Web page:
Although most of us are pretty experienced with Zoom by now, planning a virtual event as large as our Delegates Assembly is no easy task. Planning for that meeting started as early as last Fall and went right up until the day before the Assembly. The leaders who helped organize this event put in hours of hard work to make sure that we had a good turnout, that things ran smoothly, and that we would capture the energy of prior Delegates Assemblies despite being online. Dr. Jen Scott, a representative from the National Association of Social Workers and the chair of the meeting, took time away from grading and lesson planning to do multiple run-throughs. I ended up requesting an extension on a paper for the first time in my entire college career because there was no way I was going to miss being a part of this event. Many other leaders— including Dianne Hanley and Maria-Rosa Eads of Spirit and Justice, Edgar Cage of the Episcopal Diocese, and Jennifer Carwile of Methodists for Social Justice—all took part and made sure that the diverse voices of TBR were well-represented on our agenda.
For me personally, the Delegates Assembly was also a chance to see the hard work I have put in as an intern pay off. This entire semester, I was tasked with working with University Presbyterian Church to engage leaders and further develop TBR’s relationship with that institution. Although UPC has always been a huge part of TBR, COVID-19 has strained everyone’s ability to connect with the organizations and communities they care about. That’s why, when I saw UPC show up with one of the biggest delegations from any congregation, I held my head high knowing I had some part in that.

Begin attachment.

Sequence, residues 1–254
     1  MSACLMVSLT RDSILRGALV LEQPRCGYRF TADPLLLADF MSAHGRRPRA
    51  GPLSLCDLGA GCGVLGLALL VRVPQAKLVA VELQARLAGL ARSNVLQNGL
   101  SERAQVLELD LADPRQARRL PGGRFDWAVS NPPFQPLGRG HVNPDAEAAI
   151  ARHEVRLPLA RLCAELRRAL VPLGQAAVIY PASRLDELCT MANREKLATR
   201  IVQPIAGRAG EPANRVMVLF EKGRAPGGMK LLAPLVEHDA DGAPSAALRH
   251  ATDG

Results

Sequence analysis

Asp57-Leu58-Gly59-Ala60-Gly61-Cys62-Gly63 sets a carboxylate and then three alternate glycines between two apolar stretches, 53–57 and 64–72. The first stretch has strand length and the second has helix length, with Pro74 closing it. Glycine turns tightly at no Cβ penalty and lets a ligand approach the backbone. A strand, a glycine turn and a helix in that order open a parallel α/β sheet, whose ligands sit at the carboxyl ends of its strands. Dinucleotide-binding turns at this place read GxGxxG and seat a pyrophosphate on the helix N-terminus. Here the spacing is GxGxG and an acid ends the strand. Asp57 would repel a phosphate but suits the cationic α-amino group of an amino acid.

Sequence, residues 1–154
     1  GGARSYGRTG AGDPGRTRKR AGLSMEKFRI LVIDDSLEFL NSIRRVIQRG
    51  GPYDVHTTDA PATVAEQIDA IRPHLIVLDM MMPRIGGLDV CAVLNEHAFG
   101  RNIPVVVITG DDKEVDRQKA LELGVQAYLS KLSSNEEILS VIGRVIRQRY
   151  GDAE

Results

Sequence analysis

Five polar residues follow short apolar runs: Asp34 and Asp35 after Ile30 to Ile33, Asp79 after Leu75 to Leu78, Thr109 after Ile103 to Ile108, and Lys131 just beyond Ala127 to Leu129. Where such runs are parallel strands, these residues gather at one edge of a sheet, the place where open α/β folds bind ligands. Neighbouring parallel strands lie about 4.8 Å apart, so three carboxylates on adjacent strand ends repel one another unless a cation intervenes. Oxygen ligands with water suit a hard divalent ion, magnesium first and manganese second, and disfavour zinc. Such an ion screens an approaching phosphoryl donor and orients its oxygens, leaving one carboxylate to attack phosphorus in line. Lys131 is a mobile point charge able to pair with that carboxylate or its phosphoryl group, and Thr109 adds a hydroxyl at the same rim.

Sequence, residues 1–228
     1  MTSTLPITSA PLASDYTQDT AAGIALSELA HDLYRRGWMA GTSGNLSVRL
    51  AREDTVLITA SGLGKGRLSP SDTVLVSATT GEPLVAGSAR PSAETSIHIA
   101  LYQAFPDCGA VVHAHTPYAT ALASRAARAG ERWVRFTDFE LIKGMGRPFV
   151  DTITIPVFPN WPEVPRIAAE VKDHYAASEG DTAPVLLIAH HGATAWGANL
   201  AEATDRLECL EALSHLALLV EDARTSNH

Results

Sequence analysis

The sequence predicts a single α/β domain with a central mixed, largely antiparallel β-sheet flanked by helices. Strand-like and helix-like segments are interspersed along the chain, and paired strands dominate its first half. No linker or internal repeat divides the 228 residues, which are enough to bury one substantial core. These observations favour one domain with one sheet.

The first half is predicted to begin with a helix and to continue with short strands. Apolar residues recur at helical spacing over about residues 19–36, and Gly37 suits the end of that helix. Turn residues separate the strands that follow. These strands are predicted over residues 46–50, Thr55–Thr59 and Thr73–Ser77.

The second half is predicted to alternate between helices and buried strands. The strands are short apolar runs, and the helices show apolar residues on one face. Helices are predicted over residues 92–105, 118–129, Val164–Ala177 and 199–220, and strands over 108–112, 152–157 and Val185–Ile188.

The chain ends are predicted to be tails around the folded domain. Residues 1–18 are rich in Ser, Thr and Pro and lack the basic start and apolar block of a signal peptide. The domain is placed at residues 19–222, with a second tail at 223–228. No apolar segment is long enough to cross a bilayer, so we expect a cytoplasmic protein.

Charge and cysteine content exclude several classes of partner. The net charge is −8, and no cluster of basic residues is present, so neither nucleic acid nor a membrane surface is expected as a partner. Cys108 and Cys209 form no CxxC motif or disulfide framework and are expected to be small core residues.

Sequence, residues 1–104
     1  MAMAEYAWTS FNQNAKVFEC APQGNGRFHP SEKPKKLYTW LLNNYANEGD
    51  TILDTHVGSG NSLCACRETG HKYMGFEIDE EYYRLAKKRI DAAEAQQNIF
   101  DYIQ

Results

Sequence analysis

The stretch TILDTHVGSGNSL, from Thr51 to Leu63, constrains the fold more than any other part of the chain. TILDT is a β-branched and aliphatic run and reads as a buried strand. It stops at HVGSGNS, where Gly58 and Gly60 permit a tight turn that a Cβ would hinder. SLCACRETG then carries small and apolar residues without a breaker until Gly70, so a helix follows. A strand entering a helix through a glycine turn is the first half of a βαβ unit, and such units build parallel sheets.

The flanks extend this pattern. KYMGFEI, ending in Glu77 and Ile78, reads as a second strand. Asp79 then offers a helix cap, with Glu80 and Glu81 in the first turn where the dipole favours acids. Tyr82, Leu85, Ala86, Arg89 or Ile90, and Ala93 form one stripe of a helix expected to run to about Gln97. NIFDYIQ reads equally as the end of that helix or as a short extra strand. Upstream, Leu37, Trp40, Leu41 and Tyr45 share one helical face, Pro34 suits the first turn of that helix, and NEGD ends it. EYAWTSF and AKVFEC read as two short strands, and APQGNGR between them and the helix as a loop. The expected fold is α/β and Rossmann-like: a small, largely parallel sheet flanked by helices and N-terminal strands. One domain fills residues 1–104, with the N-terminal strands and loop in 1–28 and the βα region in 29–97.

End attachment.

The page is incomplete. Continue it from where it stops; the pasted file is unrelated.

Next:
I’ll talk more about my reflections on my experiences and growth with TBR later this month, but that was a huge moment and realization for me. My entire life, I have always been afraid that despite my “book smarts,” I would never be able to make it in the “real world.” People always told me that my Psychology degree and Social Work degree would never pay off. I lacked confidence. But seeing the participation and energy of UPC members that night has totally changed that, and I can’t thank them enough. Nearly all of the people in attendance had met with me or heard of me in some way, and I was so grateful to have formed relationships that helped motivate church members to turn out for the event. I can’t wait to see how the relational meeting campaign takes off at UPC even after I leave TBR.
Speaking of that, the Delegates Assembly also marked the launch of the Relational Meeting Campaign. I’ve written before about the importance of the Relational Meeting, so I won’t go on too long about that, but this campaign is an exciting new initiative that we are encouraging our member institutions to be a part of. As I mentioned before, the COVID-19 pandemic has really strained all of our relationships - not just within TBR, but among everybody. We’re hoping that by having hundreds of conversations by the next Delegates Assembly this summer, new relationships will be built and old relationships will be strengthened. By developing these relationships, institutions will build power, new issues will be identified, and new leaders will be brought into the fold.
Keep on the lookout at the TBR Actions page for upcoming Relational Meeting Trainings and encourage others to sign up. The next training will be on April 8, but more will be scheduled soon. If you’re a leader of a congregation or committee at your church, we encourage you to announce the training there. The Relational Meeting Training gives people the tools to have deep, engaging conversations through skills like active listening and the use of probing questions. In fact, these skills are very similar to those taught in the Social Work courses that I paid thousands of dollars for. But this training is free and only lasts an hour and a half!
It’s been an exciting start to the year here at Together Baton Rouge, and I wish I could stick around to see the results. Unfortunately, I’ll be graduating from the MSW program soon and moving to Iowa, where my partner will be pursuing her Ph.D. While it’s been an exciting time for me, it’s also a bit bittersweet. I will do my best to keep in touch and hopefully see some of y’all in the future. Until then, look for my next and final post in the coming weeks!